KF: So you feel that they are more alive whereas Nick's saying there's some kind of ghost in the machine?

PVG: (Nick is saying) they maybe retain fragments of humanity, they maybe hold that energy. Whereas, I think it's actually their energy, and I try and release that energy.

KF: You're like the medium or the channeller?

PVG: (Laughs) it's also really zany and I have to take a step back every now and then and go oh my god, if I don't watch out, I'll be sixty years old and wearing a big tie die moo moo and talking in tongues.

KF: One of the other things I wanted to talk about was your work in SuperKaleidoscope's last show Spectacle/Obstacle, exploring synaesthesia and the psychological relationship between colour and sound. Would you like to talk about Video Bell - Rimington Scales and what informed it?

PVG: When I went about putting it together it happened in stages: There's the instrument, or the machine, or the system, that's been built to play with, and then there's the composition, and the composition is really minimal. It's like a whole bunch of things which I've been making at the moment which are really minimal. They do hinge on the relationship between colour and sound, but also the reason that they are so stripped back, is so that the system, the machine that is performing or that you're collaborating with, can also reveal its own language on top of it. So you have that interference and strange lines, that you create when you move the bells around, that language is the machine's language. And then there's the composition which goes underneath. I feel like they are sort of removed. They do relate to each other on an immediate level but they're sort of separate things. I don't know if people notice that.

KF: Where do you find your old objects, because all of your machines are made from old objects aren't they?

PVG: Yeah mostly well some of them are made from cheap electronics. A lot of the earlier stuff I made was about really cheap electronics and opening them up and making them really weak and vulnerable. That's similar to the Rimington Scales work. The internal structure is like an open circuit, or 6 open circuits. It's like you open up a part of a human or a robot, (say across one panel of the arm) and leave it open, but it's still all functioning and working (and you can see this). It's less obvious in Rimington Scales and the Bell Series but with the AV harp it's really obvious that's what's going on. I think that's what I like about it; that by stripping them back and opening them up to the environment, and to humans, you're putting them on the line.

KF: I'm picturing your machines in a whole different way now, like a body on the operating table that's anesthetised but still conscious.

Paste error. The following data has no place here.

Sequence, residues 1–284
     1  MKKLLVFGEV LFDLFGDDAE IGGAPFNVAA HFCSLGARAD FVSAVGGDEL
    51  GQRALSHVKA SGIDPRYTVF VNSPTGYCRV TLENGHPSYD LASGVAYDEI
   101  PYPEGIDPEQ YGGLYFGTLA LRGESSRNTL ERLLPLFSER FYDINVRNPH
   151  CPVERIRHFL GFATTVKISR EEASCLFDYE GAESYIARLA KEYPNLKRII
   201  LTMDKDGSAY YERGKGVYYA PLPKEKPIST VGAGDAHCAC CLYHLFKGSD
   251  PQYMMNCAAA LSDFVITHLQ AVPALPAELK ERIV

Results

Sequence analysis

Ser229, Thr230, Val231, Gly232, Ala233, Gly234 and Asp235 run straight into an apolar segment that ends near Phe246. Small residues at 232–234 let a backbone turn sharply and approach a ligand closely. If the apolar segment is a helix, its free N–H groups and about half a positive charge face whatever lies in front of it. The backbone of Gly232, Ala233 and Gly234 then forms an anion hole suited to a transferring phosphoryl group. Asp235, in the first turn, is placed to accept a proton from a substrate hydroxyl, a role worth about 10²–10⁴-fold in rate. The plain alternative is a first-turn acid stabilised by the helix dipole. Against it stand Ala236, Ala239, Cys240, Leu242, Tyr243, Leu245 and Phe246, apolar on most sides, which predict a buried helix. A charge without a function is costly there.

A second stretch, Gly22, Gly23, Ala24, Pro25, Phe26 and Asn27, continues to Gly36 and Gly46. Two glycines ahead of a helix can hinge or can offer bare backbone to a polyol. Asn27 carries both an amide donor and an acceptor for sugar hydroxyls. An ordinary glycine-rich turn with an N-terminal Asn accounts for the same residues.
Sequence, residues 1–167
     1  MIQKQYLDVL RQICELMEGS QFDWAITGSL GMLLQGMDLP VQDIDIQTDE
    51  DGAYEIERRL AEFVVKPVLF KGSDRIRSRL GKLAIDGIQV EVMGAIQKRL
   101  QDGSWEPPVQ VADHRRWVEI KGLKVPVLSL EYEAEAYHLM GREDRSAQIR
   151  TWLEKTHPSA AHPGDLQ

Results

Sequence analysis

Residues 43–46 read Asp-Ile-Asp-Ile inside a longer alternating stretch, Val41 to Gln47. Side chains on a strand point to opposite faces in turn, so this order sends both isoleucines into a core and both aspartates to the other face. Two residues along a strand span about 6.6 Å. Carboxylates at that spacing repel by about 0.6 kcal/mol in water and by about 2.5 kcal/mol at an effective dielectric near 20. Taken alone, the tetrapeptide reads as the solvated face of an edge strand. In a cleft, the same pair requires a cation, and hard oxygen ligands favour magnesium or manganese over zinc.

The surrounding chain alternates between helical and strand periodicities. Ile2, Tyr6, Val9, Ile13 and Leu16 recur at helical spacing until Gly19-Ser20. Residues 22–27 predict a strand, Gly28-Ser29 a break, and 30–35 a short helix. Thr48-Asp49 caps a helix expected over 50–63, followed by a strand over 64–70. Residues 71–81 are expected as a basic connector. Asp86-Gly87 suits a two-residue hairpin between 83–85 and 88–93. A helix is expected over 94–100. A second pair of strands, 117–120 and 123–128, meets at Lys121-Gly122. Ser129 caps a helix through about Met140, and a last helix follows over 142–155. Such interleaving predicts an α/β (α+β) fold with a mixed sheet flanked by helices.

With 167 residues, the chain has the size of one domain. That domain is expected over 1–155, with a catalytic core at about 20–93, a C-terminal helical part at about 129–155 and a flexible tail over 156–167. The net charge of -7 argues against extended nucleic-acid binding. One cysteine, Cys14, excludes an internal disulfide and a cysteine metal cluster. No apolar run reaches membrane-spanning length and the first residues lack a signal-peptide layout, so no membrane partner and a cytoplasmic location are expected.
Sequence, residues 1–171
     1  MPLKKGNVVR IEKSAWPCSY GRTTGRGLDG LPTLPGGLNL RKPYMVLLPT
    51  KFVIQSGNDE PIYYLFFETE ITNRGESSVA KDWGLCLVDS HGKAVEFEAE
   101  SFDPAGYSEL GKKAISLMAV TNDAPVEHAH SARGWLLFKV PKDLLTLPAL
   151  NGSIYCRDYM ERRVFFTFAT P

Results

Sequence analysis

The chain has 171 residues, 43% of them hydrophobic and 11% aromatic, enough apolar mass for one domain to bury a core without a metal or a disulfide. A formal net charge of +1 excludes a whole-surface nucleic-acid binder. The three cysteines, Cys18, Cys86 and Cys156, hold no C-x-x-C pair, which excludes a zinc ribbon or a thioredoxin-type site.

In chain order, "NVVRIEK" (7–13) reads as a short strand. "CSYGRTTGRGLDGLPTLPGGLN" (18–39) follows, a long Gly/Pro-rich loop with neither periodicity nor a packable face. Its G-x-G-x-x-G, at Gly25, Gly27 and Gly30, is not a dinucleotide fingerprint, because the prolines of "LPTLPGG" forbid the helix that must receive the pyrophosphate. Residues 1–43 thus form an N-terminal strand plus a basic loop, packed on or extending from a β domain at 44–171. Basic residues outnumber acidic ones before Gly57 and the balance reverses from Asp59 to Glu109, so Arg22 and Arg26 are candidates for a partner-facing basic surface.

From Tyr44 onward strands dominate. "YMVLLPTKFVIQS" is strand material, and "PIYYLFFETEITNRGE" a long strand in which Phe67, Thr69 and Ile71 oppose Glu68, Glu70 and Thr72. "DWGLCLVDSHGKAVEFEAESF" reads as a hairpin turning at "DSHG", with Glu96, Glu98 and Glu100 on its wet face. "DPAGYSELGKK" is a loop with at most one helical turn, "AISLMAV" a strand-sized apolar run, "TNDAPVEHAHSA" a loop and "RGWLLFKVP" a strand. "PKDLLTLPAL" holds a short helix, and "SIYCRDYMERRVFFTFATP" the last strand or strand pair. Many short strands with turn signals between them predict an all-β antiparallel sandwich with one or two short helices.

PVG: That makes me feel like a serial killer or something

KF: I was thinking more like a mad scientist, Frankenstein style.

PVG: But I think I keep trying to find a way, and I'm not sure if I'll be able to successfully do this, I'm trying to do this in my thesis: it's less about exposing in a negative way and more about liberating.

KF: Liberating the machines.

PVG: Somehow opening them up to reveal their true nature, their internal nature, and not the nature they are engineered for. Maybe the engineers are the serial killers or more like the slave drivers. They are creating these slaves. Like the tv, when it tries to express things it’s not engineered to express you get the “blue screen of death”.

KF: Blue screen of death?

PVG: Yeah, you can't get static any more; bad reception. As television design has updated, and the same thing with radios. There is this thing called a “bad signal” and it's actually censored. The engineer is censoring the machine. In radio there's a huge history about how those “bad signals” relate to ghosts; of how all of those strange signals in between where the channels lie, possibly have some meaning that we don't know about; that they are the way we access the ether or chaos. So if the TV and the radio now block this out, then we no longer have any access to it and neither does the machine or this medium.

KF: People in general are just becoming more and more removed from their machines. Everybody used to understand the workings of machines and be able to fix them and now nobody cares and their personalities are hidden.

PVG: Yeah or we just don't communicate with them.

KF: I've found a new love of machines.

PVG: Yes, you've got to get into them.
 

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SuperKaleidoscope kindly thank Pia van Gelder & Nick Keys for their contributions.

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© All Images are courtesy of the artist.

 


This project has been assisted by the Australian Government through the Australia Council, its arts funding and advisory body.

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Each month SuperKaleidoscope will feature an emerging artist selected by the directors and committee.

If you would like to make a submission please contact the SK Directors.